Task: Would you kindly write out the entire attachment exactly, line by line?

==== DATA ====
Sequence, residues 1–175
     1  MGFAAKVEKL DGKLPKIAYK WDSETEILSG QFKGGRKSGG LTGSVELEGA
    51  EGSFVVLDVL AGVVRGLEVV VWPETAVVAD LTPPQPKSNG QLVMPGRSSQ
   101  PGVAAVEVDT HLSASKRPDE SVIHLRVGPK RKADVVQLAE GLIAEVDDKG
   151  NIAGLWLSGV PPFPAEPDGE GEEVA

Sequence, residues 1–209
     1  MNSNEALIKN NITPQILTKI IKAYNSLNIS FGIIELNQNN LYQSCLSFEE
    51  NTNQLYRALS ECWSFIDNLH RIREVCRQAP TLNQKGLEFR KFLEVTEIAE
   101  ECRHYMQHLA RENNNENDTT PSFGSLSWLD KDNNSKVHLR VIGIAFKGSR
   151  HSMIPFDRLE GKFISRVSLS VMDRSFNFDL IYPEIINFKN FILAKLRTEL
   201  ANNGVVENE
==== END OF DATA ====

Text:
Sequence, residues 1–175
     1  MGFAAKVEKL DGKLPKIAYK WDSETEILSG QFKGGRKSGG LTGSVELEGA
    51  EGSFVVLDVL AGVVRGLEVV VWPETAVVAD LTPPQPKSNG QLVMPGRSSQ
   101  PGVAAVEVDT HLSASKRPDE SVIHLRVGPK RKADVVQLAE GLIAEVDDKG
   151  NIAGLWLSGV PPFPAEPDGE GEEVA

Sequence, residues 1–209
     1  MNSNEALIKN NITPQILTKI IKAYNSLNIS FGIIELNQNN LYQSCLSFEE
    51  NTNQLYRALS ECWSFIDNLH RIREVCRQAP TLNQKGLEFR KFLEVTEIAE
   101  ECRHYMQHLA RENNNENDTT PSFGSLSWLD KDNNSKVHLR VIGIAFKGSR
   151  HSMIPFDRLE GKFISRVSLS VMDRSFNFDL IYPEIINFKN FILAKLRTEL
   201  ANNGVVENE